LOS ANGELES (AP) — A woman traveling to Indiana to care for her cancer-stricken mother, a family physician who has lived in the U.S. for two decades, and a Minneapolis woman about to become a U.S. citizen were among those caught in the net cast by President Donald Trump when he banned travelers from entering the country from Muslim-majority nations.
Here are their stories:
Sahar Algonaimi, a 58-year-old Syrian woman coming to the U.S. to care for her cancer-stricken mother was put on a plane Saturday and sent back to Saudi Arabia hours after arriving at Chicago's O'Hare International Airport.
When her 76-year-old mother became ill, Algonaimi's sister, Nour Ulayyet, asked her to come to their home in Valparaiso, Indiana, to help take care of her. Their mother underwent a mastectomy Friday.
Algonaimi had visited just last year and still had a U.S. visa good until June 2018.
After texting to say her plane had touched down, she never arrived at the gate. A man identifying himself as an immigration officer eventually called Ulayyet to say her sister was being put aboard a flight back to Saudi Arabia, where she teaches school.
"I asked if I could speak to a supervisor," Ulayyet said. "He was very nice, very sympathetic, but he said, 'Literally for me to help I'm going to be breaking the law and I'm not going to break the law.'"
Before Algonaimi left officials had her sign paperwork that she told her sister she didn't understand. It canceled her visa.
"I really can't put it in words how much sadness I feel and the sense of injustice we feel," Ulayyet said Sunday as she choked up.
Dr. Sarwa Aldoori, a family physician from Bakersfield, California, was returning home Saturday from an eight-day religious pilgrimage to Saudi Arabia when she was startled to be pulled aside from the rest of her group.
"Everything was OK until I got to the customs checking point and my colleagues and friends went through and the guy looked at my passport and eyed me and he said step aside," Aldoori said Sunday, her voice shaking as she tearfully described the ordeal.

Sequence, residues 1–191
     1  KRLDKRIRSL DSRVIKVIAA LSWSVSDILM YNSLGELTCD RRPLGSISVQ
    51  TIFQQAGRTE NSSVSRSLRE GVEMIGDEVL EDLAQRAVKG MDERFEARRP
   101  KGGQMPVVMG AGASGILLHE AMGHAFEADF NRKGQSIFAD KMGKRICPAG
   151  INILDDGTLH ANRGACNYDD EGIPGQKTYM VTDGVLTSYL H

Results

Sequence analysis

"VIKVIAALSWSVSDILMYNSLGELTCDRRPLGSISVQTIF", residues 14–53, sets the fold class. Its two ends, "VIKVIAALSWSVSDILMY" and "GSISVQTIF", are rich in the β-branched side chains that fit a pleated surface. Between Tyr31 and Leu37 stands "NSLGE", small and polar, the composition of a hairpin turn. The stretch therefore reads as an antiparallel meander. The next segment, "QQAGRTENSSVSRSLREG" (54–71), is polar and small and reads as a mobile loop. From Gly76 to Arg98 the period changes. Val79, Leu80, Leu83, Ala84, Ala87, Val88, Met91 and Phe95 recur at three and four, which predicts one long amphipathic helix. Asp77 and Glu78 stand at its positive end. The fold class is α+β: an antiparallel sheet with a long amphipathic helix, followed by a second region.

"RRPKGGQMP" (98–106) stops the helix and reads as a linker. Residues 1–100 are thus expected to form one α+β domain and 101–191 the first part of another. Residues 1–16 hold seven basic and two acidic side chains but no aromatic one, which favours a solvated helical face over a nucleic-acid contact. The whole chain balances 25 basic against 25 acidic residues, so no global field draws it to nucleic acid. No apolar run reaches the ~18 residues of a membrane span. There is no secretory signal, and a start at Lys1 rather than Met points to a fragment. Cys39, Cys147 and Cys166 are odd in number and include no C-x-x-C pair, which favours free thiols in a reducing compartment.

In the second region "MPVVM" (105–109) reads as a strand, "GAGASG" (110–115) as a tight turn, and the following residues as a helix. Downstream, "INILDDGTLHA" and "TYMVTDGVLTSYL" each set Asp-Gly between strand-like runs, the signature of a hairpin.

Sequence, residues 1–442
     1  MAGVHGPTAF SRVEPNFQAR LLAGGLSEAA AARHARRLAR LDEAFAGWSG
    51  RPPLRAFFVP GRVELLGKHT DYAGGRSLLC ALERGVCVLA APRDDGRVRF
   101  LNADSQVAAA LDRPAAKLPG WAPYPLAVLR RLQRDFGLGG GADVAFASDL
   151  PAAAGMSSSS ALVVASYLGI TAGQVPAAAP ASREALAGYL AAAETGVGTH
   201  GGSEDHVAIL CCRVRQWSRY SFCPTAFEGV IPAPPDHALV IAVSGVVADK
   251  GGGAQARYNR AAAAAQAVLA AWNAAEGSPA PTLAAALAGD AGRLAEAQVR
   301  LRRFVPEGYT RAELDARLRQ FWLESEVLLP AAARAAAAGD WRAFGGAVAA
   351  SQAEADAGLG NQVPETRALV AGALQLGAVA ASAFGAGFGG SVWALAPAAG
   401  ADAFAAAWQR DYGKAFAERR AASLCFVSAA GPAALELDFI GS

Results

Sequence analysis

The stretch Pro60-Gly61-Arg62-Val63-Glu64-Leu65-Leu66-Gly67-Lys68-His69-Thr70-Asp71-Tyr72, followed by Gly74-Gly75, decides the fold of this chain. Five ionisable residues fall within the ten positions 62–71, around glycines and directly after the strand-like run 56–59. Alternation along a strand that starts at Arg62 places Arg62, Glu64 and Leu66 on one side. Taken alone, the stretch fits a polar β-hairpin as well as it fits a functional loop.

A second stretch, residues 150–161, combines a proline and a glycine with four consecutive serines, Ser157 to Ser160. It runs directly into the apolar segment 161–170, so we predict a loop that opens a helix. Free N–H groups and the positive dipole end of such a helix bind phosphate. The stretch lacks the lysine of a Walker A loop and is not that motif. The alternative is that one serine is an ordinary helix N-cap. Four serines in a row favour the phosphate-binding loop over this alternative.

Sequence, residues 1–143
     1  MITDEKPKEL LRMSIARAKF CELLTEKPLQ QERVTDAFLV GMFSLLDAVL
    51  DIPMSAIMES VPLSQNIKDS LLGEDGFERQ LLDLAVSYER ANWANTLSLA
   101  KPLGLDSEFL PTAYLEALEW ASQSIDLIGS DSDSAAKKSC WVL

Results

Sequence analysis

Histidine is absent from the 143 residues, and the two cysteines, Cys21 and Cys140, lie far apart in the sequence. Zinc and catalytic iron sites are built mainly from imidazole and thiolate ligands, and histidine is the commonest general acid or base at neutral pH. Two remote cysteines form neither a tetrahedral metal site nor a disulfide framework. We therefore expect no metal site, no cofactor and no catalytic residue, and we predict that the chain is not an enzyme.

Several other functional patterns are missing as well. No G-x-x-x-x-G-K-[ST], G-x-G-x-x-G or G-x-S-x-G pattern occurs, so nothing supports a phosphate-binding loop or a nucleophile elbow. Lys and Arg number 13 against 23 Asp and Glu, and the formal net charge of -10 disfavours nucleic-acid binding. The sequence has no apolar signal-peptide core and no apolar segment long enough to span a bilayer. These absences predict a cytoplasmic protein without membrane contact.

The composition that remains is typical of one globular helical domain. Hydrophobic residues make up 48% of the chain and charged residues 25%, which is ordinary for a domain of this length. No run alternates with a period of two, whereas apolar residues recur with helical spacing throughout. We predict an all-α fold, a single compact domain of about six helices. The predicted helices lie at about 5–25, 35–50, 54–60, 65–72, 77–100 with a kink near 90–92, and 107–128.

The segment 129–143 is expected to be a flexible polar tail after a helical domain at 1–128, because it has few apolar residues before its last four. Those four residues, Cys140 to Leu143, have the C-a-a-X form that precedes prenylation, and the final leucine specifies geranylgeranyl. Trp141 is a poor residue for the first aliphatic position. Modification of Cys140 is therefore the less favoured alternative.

She was released and reunited with her husband after nine hours.
Aldoori, a legal permanent resident of the U.S., said she made a similar pilgrimage to Saudi Arabia last year — "a very special visit in the life of every Muslim" — without incident.
As she cried and asked to know why she couldn't leave the airport this time, the doctor, who has lived in the United States since 1996, said an officer finally told her, "It's because you were born in Iraq."
"I looked at him and I said, 'You know, I am 62 years old. What did I do wrong?' He didn't say anything, he just looked at the floor and said have a seat."
Although angry and shaken, she said she still plans to become a U.S. citizen someday.
"I'm not going to let something like that stop me," she said defiantly. "We used to have decent people in government and now we don't."
Fateme Farmad was returning from Iran to her Minneapolis home with her 11-month-old son when she was detained and questioned for more than 12 hours at Los Angeles International Airport.
Farmad and her family had traveled to Iran last month to visit relatives. Her husband, Masoud Samet, returned to the U.S. for work on Jan. 6 while she and other family members stayed for a wedding.
When the group returned Saturday, her brother, a U.S. citizen, was immediately allowed back in. She, her son and her mother were detained.